The investigator concluded that the members of the political science department and political theory subfield were “in crisis.”

The report said Stevens’ conduct toward colleagues “may constitute a breach of her duty of loyalty” to the University, potentially precluding her from receiving indemnification.

Daily file photo by Zack Laurence
Political science Prof. Jacqueline Stevens

In late July, Graham told Stevens the University would not indemnify her. Stevens was also banned from campus, forbidden from contacting students and told she needed to undergo a fitness-for-duty evaluation before being able to return, according to a copy of a letter obtained by The Daily.

“Some colleagues state clearly that they fear you might physically attack them or instigate an attack against them,” Randolph wrote in the letter.

University spokesman Al Cubbage told The Daily that the Office of General Counsel declined to comment.

Randolph also wrote that Stevens’ account of her meeting with Tillery “does not tally with the very clear and coherent view of others.” An assistant to the dean told The Daily in an email that Randolph would not comment for this story.

Stevens told The Daily the report disregarded information that “painted a very different picture.”

In her lawsuit against NU, Stevens alleged the investigator — who could not be reached for comment — “refused to hear or ignored the e-mails, letters, and other evidence Dr. Stevens brought with her and repeatedly urged Dr. Stevens to withdraw her complaint.”

The University denied those allegations in its response to Stevens’ lawsuit.

Banned from campus

Stevens told The Daily she believes the University banned her from campus due to her role in organizing opposition to the 2016 appointment of former ambassador Karl Eikenberry as the executive director of the Buffett Institute for Global Studies, as well as due to her academic writing and statements made during Faculty Senate meetings in which she criticized Board of Trustees members for their connection to the military.

Eikenberry, a former lieutenant general in the U.S. Army, pulled out of the appointment in April 2016 after some faculty and students raised concerns about his lack of a Ph.D. and his military background.

Stevens said she believes the University retaliated against her because of her anti-Eikenberry activism and her criticism of the trustees.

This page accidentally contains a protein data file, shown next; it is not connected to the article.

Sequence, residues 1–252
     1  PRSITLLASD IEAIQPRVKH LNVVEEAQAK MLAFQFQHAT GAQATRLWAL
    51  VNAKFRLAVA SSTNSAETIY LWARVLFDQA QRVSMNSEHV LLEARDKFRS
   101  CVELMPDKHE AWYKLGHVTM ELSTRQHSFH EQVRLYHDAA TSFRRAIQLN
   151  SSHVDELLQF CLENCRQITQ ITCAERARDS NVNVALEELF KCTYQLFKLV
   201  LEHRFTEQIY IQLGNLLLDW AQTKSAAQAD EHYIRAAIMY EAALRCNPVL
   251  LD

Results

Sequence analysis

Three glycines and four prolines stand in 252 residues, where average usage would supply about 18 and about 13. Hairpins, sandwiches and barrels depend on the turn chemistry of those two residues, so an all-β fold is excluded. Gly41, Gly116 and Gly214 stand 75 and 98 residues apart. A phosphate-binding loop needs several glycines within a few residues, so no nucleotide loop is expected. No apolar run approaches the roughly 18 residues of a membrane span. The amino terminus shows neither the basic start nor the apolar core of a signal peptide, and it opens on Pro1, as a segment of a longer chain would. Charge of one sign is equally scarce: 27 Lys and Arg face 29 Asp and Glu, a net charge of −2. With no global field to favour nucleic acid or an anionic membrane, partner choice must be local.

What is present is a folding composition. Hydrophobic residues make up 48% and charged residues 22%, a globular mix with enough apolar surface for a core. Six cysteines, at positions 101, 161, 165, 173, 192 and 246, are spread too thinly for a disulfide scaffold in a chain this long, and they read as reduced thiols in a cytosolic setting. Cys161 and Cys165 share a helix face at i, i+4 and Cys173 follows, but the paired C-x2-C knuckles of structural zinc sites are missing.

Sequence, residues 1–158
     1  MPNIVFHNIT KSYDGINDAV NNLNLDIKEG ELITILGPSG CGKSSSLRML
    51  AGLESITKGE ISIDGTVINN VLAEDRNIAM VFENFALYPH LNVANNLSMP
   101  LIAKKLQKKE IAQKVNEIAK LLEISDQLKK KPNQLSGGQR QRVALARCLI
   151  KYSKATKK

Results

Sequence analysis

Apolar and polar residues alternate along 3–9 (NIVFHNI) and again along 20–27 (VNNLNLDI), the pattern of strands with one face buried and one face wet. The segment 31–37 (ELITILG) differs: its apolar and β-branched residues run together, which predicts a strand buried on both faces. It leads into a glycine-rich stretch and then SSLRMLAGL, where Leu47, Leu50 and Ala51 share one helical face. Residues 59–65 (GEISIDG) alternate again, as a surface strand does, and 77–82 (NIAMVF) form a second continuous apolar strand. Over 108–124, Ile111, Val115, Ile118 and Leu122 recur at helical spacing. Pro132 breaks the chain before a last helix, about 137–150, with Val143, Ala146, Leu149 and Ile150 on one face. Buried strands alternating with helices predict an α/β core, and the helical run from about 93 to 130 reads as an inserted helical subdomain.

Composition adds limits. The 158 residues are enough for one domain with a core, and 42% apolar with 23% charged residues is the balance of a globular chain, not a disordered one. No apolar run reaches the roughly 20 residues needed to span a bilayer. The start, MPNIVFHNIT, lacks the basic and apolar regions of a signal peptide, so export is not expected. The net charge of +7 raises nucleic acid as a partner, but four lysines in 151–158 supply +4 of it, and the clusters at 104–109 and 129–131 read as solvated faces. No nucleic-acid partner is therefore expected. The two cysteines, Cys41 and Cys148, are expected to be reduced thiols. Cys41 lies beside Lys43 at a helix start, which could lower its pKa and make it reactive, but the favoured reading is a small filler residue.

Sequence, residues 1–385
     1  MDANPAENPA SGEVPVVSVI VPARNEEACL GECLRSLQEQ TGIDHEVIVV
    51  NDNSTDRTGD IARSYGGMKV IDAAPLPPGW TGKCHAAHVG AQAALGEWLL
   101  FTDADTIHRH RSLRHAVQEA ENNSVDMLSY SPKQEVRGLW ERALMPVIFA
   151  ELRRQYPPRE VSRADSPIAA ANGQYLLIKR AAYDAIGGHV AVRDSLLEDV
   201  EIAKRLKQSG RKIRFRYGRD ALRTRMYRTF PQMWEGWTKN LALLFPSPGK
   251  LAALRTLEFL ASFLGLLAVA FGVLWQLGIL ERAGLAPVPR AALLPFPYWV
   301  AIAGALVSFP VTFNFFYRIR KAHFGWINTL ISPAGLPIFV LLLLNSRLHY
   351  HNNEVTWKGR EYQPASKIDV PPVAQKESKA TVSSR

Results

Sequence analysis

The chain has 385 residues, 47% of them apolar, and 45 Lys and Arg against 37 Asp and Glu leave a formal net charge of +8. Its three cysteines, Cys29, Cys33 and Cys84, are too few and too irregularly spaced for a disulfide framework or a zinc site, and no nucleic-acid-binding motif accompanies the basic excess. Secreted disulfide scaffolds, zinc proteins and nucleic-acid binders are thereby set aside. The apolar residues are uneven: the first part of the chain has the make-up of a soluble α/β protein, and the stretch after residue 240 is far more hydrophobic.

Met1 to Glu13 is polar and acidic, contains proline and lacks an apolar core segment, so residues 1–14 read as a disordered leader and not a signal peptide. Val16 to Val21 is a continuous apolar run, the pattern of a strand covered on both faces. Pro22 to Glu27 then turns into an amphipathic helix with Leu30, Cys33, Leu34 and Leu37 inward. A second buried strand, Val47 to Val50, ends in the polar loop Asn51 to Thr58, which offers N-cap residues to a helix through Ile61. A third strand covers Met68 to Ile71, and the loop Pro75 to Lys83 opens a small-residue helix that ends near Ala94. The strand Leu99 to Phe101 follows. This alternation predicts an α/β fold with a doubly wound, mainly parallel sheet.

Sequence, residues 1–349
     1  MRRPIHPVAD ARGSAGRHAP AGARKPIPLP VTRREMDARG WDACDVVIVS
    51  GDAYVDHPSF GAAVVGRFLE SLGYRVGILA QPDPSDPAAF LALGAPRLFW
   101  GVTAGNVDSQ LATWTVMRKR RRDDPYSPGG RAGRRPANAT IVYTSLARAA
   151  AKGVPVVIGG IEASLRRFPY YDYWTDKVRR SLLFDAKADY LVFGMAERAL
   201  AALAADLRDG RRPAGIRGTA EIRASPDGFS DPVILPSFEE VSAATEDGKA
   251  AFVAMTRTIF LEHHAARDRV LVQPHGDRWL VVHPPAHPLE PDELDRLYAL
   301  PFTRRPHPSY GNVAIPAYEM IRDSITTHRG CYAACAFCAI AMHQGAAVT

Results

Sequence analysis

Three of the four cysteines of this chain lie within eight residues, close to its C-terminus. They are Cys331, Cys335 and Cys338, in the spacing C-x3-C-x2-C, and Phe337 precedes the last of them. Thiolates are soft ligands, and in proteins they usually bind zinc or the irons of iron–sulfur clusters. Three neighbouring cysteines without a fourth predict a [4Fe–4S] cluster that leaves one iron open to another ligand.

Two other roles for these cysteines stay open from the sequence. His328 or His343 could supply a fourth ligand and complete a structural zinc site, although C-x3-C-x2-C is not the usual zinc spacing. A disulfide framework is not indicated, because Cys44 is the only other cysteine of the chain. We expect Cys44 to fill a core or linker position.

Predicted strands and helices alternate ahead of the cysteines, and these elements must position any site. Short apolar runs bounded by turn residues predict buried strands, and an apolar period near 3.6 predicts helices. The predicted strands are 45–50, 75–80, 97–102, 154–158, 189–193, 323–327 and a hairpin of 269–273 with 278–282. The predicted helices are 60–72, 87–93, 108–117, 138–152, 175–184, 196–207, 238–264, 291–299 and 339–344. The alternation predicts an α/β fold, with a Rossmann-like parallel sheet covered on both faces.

“(The University) really wanted to get rid of me, so I think they just went ahead and put that narrative out there regardless of the facts,” Stevens told The Daily. “(They) were hoping because they were this big, powerful university with an endless budget for lawyers that they could wait me out.”

Monoson deferred comment for this story to Cubbage, who told The Daily in an email that NU is “firmly committed to academic freedom, as has been demonstrated on many occasions.” Cubbage declined to comment further.

In early September 2016, Stevens said, she couldn’t contact students whose research she oversaw. She publicly described her concerns about the University’s actions by launching a blog with links to documents related to her case. The blog, Stevens said, allowed her to notify students about what had occurred without contacting them directly.

Although Stevens did not name Tillery in her first blog post, Tillery told The Daily he received calls from reporters, messages from strangers and questions from colleagues about the posts. Some of the messages were “derogatory,” he said.

Soon after Stevens published her first blog post in which Tillery is alluded to as the “Slammer,” he posted on Facebook revealing himself as the colleague Stevens was blogging about. In the post, Tillery wrote his altercation with Stevens had “absolutely nothing to do” with her opposition to Eikenberry.

“Over the last six months, I have lost countless hours of sleep, as have members of my family,” he wrote, “because I have no idea what motivates her and what she is liable to do.”

In September, Randolph informed Stevens in a letter obtained by The Daily that the University was lifting her ban from campus.

According to the letter, Randolph told Stevens that administrators were determining whether disciplinary actions would be taken regarding her teaching and conduct.

Impact on Tillery

More than six months after the March 8 meeting, Tillery sued Stevens for defamation and false light, demanding damages and injunctive relief.

The lawsuit alleges Stevens’ blog falsely accused Tillery of “threats, bullying, and retaliating.”

“Once all of that came out and she was getting this media attention and I was getting hate mail, I figured that there would be no incentive for her to stop blogging about me,” Tillery told The Daily. “I had to act to prevent further reputational damage.”

Tillery said the fallout from the meeting with Stevens impacted how he was perceived by NU colleagues and academics outside of the University. He was becoming known to people he had never met as the “Slammer” and as someone who verbally abused colleagues, he said.

Although Tillery said he believes these statements could impact his career, Stevens said he is responsible for any repercussions.

In summer 2016, Tillery said, he hoped NU would provide him with a statement saying the University had investigated the matter and found Stevens’ account of their March meeting inaccurate. Tillery said he reached out to the Office of General Counsel, but the office did not make a public statement on his behalf.

“That left me with the impression that they would do nothing,” he said.

Tillery told The Daily he believed he would win the case when he filed his lawsuit, but a judge told him continuing with the suit would be very expensive. A judge also dismissed his complaint without prejudice partly because his allegations were not “sufficiently specific.”

Tillery — who then filed an amended complaint — said he wanted to stop Stevens from spreading “false statements” about him and to add witness statements that supported his account to the public record.

Over the summer, Tillery told The Daily, his lawyers offered Stevens a settlement offer, in which he would drop his legal actions against her if she dropped hers against him. Her lawyers responded they would accept if Tillery made a public statement saying there is “no objective basis” for the claims that Stevens was a safety threat, according to an email obtained by The Daily. Tillery said he rejected that offer, and his lawyers filed a motion to dismiss Stevens’ counterclaims.

Tillery told The Daily agreeing to Stevens’ terms would have undermined his efforts to preserve his reputation.